Cannabidiol and Abnormal Liver Chemistries in Healthy Adults: Results of a Phase 1 Clinical Trial
In Summary: Cannabidiol (CBD) is a major component of the plant cannabis and in 2018, the first cannabidiol drug – Epidiolex – was approved for the treatment of 2 epilepsy disorders. However, over the past few years, non-prescription CBD-containing products including food, beverage, and supplements have been increasingly widely marketed and touted to deliver various health benefits. After concerns over liver safety arose in clinical trials of Epidiolex in epilepsy patients, clinicians and researchers began suspecting that consumption of CBD, even at low, therapeutic doses daily may cause injuries to the livers of healthy adults.
To investigate this possibility, doctors at the Eshelman School of Pharmacy and Institute for Drug Safety Sciences, University of North Carolina at Chapel Hill (NC, USA) conducted a clinical study with sixteen healthy adults. In this study, participants received a repeated dose administration of CBD at 1500mg/day and were monitored with the alanine aminotransferase (ALT) test, a blood test that checks for liver damage. An increased level of serum ALT is associated with liver damage because ALT is an enzyme normally existing primarily in the liver and at a low level in the serum. The researchers found that seven (44%) participants experienced peak serum ALT values greater than the upper limit of normal (ULN). More alarmingly, for 5 (31%) participants, this value exceeded 5*ULN, meeting the international consensus criteria for drug-induced liver injury. In those patients, all ALT elevations began within 2–4 weeks of initial exposure to CBD. After detection of the abnormally high blood ALT, 6/7 patients were promptly discontinued from the protocol; nonetheless, some retained symptoms consistent with hepatitis or hypersensitivity.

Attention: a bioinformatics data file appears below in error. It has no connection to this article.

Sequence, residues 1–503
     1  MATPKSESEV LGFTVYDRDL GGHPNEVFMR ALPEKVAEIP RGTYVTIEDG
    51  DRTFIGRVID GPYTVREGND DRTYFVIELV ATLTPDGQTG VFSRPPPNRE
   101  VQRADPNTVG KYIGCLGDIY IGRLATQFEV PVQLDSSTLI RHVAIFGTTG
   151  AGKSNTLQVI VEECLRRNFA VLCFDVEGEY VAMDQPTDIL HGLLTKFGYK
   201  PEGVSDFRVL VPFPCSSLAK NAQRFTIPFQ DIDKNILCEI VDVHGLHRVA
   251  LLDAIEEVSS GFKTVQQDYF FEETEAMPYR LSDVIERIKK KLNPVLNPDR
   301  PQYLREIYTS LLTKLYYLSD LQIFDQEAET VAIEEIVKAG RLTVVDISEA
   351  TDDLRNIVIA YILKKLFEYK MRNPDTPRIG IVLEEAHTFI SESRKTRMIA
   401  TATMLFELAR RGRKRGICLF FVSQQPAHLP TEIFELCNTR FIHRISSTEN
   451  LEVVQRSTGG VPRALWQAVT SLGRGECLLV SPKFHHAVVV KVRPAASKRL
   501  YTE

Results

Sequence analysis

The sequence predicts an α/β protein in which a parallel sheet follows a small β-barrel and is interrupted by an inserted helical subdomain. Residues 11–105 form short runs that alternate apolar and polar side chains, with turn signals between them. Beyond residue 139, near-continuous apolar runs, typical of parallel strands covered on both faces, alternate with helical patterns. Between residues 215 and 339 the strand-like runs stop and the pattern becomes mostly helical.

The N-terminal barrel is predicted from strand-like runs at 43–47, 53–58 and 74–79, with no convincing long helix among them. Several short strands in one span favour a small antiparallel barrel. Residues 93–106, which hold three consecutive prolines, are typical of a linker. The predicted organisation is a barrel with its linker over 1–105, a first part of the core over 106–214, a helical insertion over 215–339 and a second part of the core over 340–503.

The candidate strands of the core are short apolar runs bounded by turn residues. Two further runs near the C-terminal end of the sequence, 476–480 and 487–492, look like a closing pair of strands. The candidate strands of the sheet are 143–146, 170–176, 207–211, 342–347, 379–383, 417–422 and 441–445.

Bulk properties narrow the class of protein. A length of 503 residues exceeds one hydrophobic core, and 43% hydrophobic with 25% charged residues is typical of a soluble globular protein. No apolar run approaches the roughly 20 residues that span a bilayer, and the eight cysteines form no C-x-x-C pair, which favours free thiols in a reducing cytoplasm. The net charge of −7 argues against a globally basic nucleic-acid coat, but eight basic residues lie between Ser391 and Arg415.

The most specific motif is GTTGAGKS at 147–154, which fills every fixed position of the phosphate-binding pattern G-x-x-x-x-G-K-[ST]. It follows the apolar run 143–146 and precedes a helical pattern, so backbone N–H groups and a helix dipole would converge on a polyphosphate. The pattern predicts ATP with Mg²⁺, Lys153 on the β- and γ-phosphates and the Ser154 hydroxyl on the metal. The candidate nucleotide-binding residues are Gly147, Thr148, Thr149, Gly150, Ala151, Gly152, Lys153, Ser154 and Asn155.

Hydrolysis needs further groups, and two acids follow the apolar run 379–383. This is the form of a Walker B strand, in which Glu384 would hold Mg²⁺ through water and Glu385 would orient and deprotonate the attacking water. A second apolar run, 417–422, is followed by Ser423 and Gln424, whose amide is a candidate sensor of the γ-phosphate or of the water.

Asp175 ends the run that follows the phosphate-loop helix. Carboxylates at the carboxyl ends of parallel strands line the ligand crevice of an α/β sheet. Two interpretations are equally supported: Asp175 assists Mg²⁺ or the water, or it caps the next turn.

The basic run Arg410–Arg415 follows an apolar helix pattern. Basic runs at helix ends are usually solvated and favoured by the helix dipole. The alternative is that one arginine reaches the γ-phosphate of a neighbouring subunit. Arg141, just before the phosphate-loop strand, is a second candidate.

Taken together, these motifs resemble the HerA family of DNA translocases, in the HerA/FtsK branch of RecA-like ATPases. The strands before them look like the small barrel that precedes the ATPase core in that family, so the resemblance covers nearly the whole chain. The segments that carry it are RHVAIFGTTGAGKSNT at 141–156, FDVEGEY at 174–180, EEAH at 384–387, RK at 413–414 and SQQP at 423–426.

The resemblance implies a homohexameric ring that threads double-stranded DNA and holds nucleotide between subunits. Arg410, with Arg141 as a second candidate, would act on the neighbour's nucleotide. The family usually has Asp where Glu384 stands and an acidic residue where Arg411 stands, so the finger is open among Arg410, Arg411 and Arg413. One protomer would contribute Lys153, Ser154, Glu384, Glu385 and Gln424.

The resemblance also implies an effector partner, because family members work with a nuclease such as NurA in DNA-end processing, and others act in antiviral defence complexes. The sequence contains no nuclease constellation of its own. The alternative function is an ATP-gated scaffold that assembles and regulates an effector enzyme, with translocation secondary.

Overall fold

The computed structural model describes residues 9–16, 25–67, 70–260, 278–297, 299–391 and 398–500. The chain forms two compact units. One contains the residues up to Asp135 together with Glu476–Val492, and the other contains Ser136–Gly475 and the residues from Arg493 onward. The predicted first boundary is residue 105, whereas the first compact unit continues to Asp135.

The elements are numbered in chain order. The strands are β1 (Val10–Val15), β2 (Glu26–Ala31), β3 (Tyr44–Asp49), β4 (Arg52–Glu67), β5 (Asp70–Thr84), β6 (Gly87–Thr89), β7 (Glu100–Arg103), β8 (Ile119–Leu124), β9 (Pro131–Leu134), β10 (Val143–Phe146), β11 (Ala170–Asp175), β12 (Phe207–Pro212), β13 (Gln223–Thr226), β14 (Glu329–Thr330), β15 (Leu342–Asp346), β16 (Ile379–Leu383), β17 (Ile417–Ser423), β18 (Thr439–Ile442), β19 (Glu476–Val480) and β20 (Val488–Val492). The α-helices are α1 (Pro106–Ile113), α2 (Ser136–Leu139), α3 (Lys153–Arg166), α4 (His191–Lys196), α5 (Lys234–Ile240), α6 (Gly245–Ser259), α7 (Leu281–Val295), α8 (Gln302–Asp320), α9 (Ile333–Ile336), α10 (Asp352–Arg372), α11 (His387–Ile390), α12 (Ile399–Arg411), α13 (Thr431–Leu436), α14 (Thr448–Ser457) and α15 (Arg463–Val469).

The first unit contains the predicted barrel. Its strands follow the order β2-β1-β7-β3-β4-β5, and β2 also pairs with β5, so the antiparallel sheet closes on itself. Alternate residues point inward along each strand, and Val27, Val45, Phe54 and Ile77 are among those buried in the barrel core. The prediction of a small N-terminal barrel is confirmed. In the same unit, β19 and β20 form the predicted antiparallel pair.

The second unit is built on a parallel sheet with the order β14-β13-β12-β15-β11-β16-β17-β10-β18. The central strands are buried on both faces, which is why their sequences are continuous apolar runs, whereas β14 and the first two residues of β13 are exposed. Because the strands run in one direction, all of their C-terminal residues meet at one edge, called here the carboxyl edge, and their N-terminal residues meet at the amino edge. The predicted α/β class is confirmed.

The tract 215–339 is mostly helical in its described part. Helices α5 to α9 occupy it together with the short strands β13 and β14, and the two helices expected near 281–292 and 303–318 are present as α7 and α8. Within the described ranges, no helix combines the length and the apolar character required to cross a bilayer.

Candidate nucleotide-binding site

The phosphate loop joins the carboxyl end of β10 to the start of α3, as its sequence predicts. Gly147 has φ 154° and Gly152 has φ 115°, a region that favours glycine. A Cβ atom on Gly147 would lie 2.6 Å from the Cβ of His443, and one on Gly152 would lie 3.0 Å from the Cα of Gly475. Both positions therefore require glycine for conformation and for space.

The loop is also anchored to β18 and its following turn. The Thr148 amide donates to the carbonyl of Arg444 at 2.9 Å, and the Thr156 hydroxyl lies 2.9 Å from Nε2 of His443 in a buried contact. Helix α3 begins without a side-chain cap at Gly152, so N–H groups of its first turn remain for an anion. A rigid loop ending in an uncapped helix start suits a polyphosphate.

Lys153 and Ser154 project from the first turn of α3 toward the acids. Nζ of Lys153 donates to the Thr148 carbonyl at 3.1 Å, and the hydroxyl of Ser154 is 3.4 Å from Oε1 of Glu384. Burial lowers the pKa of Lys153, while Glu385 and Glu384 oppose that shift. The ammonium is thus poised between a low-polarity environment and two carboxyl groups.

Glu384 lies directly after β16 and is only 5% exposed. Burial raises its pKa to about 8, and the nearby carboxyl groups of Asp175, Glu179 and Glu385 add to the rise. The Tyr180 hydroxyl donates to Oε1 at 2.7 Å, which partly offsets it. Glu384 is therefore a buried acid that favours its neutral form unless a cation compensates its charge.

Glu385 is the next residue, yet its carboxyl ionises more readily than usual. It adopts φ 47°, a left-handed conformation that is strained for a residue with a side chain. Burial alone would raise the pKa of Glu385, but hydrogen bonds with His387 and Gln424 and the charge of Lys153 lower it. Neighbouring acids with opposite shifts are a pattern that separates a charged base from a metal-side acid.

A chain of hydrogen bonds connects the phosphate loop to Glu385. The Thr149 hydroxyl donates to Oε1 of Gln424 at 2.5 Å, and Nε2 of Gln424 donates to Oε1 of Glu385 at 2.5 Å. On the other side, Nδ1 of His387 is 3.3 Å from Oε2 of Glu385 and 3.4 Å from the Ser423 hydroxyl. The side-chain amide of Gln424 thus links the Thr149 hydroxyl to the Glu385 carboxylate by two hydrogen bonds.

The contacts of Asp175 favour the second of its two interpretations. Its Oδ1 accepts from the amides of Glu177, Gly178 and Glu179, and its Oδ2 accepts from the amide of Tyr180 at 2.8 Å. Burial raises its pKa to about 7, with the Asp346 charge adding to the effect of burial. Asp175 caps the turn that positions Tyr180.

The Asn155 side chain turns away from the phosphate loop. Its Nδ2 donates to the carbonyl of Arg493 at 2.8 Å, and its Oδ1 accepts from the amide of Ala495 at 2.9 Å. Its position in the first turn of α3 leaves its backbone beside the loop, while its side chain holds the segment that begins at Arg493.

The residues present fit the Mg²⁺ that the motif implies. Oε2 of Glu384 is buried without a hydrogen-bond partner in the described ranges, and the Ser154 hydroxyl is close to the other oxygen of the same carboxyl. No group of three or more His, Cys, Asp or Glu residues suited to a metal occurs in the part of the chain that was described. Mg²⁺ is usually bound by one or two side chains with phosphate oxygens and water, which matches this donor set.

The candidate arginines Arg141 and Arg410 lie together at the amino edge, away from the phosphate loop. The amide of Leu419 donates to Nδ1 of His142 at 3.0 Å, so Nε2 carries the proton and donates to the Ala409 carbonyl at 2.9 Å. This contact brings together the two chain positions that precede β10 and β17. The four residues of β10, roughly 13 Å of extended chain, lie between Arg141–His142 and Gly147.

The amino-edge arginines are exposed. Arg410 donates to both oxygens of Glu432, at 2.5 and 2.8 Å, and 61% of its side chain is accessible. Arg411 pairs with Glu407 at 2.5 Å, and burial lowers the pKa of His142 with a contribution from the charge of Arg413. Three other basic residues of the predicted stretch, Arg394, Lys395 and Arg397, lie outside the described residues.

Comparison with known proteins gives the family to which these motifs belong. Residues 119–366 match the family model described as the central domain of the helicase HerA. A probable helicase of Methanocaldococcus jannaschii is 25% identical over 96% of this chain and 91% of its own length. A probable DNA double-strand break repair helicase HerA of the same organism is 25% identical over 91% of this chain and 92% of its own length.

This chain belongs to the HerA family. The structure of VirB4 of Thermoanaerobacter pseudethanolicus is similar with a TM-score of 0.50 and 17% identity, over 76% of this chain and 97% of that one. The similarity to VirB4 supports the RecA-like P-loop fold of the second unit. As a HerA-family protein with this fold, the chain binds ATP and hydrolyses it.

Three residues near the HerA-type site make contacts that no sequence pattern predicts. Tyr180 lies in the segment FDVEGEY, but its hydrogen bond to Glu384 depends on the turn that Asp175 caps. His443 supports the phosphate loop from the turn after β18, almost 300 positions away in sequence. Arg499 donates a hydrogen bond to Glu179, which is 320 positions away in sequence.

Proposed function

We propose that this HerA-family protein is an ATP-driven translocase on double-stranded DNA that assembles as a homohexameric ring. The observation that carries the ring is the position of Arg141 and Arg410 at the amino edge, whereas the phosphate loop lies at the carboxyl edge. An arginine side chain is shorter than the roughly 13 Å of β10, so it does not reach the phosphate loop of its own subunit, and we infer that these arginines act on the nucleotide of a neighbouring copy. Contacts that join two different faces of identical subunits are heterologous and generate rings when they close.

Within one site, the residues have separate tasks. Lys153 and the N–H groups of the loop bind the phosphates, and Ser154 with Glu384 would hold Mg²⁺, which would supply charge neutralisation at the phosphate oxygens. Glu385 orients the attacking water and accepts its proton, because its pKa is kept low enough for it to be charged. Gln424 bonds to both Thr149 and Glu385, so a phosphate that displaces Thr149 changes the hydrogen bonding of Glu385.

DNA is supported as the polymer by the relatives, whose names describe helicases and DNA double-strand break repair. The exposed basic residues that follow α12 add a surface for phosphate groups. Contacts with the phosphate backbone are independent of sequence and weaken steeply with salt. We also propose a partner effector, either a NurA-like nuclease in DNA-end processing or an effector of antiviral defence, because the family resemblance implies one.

Based on their findings, the researchers concluded that healthy adults consuming CBD may experience drug-induced liver injury, as demonstrated by elevation in serum ALT and warned that clinicians and patients alike should be alert to this potential effect of CBD prior to prescribing or using it.
#MDNote: The goal for publishing this blog is, in part, to raise awareness of poor study design, as it may reflect upon typical use of CBD in every day health and wellness. The doses used in this study were unrealistically high for general use, and the description of a presence of detectable liver enzymes as a marker of evidence of liver damage is a skewed (if not outright deceptive) indicator. For most typical use, one would have to consume more than a complete bottle of over-the-counter CBD product to achieve the levels of doses they were investigating here. Large doses may cause liver function adjustment to accommodate the increased blood levels, but this is not necessarily indicative of damage, per se, but rather increased, and expected, functioning.